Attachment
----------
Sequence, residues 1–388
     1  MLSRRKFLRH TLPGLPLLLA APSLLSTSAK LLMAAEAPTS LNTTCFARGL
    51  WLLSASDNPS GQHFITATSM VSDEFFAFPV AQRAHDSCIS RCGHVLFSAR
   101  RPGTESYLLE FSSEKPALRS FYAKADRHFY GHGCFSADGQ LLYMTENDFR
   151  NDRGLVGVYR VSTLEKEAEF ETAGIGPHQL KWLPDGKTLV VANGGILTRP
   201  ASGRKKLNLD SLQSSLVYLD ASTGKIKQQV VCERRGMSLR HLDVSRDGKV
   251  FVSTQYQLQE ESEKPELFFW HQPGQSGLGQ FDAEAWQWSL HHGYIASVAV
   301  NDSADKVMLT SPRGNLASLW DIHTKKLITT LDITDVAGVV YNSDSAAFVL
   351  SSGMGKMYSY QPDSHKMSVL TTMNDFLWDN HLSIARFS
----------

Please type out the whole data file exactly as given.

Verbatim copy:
Sequence, residues 1–388
     1  MLSRRKFLRH TLPGLPLLLA APSLLSTSAK LLMAAEAPTS LNTTCFARGL
    51  WLLSASDNPS GQHFITATSM VSDEFFAFPV AQRAHDSCIS RCGHVLFSAR
   101  RPGTESYLLE FSSEKPALRS FYAKADRHFY GHGCFSADGQ LLYMTENDFR
   151  NDRGLVGVYR VSTLEKEAEF ETAGIGPHQL KWLPDGKTLV VANGGILTRP
   201  ASGRKKLNLD SLQSSLVYLD ASTGKIKQQV VCERRGMSLR HLDVSRDGKV
   251  FVSTQYQLQE ESEKPELFFW HQPGQSGLGQ FDAEAWQWSL HHGYIASVAV
   301  NDSADKVMLT SPRGNLASLW DIHTKKLITT LDITDVAGVV YNSDSAAFVL
   351  SSGMGKMYSY QPDSHKMSVL TTMNDFLWDN HLSIARFS